Art Gallery Twitter-style with #VisibleWomen

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If you’re into art – illustrations particularly – it might not hurt to take a moment and look up #VisibleWomen on Twitter. A significant number of female artists have taken to social media to show their work:

Yes, these women are out there doing their work in places you actually know about.

Here’s some from Disney:

And Cartoon Network:

And the world of comic books:

And fantasy/video games:

All I can say is drop by Twitter, check out #VisibleWomen, and keep scrolling to see the work from these remarkable women.

Image: Twitter/Maria Nguyen/@DTNart

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Art Gallery Twitter-style with #VisibleWomen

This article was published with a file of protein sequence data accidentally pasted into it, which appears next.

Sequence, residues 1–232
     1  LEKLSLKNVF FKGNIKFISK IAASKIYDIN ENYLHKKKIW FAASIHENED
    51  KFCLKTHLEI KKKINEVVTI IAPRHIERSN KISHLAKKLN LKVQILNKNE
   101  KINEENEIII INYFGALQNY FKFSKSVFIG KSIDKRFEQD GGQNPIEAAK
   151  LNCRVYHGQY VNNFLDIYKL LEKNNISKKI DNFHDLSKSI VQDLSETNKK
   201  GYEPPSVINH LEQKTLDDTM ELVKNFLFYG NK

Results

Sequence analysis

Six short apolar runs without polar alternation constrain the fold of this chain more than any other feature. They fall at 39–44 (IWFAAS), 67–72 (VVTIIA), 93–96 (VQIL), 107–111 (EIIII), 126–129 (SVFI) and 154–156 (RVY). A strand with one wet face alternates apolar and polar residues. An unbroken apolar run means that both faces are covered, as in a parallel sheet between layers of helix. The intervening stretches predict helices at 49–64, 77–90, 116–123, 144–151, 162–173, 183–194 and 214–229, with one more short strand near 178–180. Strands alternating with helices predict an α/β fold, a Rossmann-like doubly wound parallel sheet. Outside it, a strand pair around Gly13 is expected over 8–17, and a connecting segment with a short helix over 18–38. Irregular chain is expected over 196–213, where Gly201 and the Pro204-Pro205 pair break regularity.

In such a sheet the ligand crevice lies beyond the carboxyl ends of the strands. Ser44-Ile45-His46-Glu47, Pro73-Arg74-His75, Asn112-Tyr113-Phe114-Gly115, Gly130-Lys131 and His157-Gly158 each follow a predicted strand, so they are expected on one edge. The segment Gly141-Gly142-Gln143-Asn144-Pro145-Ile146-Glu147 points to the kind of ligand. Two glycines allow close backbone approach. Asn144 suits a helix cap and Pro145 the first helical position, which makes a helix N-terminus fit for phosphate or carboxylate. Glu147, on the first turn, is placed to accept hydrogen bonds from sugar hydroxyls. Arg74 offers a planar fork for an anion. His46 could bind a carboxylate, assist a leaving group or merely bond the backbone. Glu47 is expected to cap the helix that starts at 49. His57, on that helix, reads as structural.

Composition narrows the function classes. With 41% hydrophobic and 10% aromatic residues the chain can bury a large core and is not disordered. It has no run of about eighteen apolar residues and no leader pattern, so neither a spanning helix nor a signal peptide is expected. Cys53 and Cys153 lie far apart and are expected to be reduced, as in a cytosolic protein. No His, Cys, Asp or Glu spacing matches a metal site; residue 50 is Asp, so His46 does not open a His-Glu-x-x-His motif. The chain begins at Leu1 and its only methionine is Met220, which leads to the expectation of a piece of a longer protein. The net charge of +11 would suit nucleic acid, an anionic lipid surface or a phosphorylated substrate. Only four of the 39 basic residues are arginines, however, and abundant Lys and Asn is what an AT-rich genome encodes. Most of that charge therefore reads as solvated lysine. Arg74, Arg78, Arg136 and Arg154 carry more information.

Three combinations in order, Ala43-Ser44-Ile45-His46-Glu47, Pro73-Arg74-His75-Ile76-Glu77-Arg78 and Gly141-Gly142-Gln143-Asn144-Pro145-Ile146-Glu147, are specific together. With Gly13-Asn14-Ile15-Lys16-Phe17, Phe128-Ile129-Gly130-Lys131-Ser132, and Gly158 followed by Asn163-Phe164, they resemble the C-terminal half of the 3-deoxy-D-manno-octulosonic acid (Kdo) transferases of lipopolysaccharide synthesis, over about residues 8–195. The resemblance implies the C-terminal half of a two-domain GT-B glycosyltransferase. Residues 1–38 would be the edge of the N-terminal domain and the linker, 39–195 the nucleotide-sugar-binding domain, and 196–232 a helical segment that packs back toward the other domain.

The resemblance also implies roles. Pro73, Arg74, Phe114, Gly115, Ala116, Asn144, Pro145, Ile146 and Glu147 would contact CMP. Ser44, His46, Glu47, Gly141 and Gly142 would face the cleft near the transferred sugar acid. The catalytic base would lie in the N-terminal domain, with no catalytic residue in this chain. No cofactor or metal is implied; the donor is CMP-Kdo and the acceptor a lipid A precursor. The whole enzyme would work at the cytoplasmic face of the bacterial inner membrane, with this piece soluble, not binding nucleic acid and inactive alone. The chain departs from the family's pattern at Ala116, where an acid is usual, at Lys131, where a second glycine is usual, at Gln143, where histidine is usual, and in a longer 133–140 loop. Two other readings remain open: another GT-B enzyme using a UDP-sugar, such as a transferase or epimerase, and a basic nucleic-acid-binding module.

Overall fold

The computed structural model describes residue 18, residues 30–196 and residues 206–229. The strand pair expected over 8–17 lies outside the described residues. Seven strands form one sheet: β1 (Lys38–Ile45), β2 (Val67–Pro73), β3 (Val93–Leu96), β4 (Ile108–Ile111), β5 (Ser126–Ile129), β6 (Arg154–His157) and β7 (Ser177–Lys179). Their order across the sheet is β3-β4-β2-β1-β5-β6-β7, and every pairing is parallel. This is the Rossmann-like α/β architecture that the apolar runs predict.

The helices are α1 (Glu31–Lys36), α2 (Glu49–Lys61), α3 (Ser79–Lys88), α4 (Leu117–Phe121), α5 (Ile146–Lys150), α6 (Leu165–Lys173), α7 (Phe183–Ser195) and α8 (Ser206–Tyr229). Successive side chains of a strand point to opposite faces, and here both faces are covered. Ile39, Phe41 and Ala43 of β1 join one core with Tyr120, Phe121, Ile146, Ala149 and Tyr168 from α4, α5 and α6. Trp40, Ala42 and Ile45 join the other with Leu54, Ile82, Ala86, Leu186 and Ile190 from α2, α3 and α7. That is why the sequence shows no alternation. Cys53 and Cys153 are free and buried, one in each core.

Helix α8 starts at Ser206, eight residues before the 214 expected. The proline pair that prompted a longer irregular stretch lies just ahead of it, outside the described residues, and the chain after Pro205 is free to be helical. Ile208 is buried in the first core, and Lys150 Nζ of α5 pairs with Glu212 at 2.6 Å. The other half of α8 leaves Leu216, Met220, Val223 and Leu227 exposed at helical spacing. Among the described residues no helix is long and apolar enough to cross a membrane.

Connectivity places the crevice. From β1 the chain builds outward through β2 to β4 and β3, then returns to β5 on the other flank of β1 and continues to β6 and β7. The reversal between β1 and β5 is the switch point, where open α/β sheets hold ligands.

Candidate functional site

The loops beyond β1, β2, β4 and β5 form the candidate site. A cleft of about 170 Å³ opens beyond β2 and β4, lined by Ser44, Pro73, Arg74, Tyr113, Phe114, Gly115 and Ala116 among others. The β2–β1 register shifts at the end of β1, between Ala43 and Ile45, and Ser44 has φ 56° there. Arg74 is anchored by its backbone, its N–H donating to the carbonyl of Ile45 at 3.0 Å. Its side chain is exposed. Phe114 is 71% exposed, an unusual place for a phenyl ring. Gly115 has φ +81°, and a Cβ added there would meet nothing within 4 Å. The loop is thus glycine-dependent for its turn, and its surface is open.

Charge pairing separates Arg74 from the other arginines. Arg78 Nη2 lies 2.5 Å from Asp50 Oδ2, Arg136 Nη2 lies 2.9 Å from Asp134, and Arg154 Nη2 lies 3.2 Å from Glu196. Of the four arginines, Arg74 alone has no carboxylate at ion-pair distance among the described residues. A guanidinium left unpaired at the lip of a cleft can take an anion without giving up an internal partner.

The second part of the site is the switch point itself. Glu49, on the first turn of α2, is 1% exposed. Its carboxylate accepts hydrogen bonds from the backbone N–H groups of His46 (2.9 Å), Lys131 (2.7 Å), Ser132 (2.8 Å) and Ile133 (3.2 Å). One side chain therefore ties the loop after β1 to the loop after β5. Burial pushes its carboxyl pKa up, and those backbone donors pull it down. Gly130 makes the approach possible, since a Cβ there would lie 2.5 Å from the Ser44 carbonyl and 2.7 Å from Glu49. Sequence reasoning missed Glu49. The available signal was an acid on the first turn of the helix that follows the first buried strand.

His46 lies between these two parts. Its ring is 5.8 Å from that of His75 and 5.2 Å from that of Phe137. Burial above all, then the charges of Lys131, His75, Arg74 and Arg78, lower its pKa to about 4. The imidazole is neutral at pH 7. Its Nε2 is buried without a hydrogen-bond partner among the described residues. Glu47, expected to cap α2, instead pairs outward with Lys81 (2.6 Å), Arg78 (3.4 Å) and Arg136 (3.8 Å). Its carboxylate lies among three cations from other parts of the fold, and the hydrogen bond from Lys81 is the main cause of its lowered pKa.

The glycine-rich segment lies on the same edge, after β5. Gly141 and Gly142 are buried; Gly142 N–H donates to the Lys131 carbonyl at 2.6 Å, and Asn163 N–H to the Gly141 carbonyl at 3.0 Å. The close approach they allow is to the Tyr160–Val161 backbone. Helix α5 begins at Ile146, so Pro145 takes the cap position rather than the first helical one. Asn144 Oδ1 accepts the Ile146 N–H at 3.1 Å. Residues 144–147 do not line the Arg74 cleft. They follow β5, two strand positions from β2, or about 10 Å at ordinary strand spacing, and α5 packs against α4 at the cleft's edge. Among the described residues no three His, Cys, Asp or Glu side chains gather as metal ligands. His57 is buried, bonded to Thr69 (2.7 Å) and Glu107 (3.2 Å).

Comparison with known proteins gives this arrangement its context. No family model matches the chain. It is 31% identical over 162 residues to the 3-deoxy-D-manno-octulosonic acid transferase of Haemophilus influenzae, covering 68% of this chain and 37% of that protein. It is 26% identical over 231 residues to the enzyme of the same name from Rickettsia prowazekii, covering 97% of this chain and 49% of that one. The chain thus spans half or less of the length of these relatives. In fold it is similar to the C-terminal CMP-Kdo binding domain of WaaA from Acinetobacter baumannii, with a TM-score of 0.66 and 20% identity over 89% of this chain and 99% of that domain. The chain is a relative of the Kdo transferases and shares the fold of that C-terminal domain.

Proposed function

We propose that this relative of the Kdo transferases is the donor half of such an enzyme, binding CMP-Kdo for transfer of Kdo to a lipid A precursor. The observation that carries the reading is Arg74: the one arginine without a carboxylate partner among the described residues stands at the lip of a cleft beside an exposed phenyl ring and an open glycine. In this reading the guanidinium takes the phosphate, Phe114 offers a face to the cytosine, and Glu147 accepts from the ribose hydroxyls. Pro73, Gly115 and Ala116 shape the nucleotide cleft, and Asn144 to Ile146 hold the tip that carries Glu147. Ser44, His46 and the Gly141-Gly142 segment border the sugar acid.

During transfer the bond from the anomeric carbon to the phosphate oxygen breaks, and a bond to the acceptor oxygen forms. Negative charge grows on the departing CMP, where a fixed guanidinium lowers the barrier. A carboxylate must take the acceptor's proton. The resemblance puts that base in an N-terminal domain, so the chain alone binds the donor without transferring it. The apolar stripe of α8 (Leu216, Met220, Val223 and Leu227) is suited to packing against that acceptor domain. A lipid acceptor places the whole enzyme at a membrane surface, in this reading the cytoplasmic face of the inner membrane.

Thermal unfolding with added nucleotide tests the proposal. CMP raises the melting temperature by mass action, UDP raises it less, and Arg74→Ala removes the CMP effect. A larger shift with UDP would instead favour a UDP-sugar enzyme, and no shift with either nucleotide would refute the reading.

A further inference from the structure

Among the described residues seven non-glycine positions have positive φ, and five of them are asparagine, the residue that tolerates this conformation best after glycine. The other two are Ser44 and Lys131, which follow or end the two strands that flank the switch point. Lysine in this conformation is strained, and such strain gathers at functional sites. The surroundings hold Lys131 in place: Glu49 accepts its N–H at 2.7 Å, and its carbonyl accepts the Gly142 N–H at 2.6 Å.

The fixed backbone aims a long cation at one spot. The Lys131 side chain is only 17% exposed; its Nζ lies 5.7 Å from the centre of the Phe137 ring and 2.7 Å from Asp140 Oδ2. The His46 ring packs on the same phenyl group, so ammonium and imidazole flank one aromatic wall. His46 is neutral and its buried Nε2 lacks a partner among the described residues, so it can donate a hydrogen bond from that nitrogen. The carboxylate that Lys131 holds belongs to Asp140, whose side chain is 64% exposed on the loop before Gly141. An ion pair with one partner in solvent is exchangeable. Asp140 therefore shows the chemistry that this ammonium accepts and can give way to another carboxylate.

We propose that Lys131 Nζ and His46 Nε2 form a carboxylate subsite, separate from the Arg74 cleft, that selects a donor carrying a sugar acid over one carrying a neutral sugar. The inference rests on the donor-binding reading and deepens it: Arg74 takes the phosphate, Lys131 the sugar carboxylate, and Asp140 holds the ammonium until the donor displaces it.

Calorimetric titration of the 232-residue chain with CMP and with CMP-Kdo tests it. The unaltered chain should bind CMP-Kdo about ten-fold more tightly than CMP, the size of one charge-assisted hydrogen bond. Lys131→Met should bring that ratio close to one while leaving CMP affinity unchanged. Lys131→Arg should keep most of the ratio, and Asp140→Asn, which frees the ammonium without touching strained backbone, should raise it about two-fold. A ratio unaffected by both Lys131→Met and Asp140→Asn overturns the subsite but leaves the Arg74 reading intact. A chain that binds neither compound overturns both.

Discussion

Misspent Outrage about ‘Peter Rabbit’

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Yes, Sony did put a scene in Peter Rabbit about severe food allergies. Yes, it is a serious subject. No, it probably wasn’t necessary for anyone to start calling for boycotts.

It’s been a long time since our society responded to situations like this in a more adult manner, so bear with me here. While I’m tempted to just relegate this to the “faux outrage” pile, I can’t, but that’s only because Sony chose to depict a potentially fatal allergy on the big screen.

But, instead of the extreme response we’ve seen from parents and groups on social media, perhaps the better route would have been to turn this into a teaching moment – for everyone. Saying that Sony was insensitive and calling for a boycott of the film forced the corporation to apologize publicly. Simply pointing out that the film showed a behavior that everyone needs to know is wrong would have left the door open for a deeper conversation about potentially deadly allergies in general.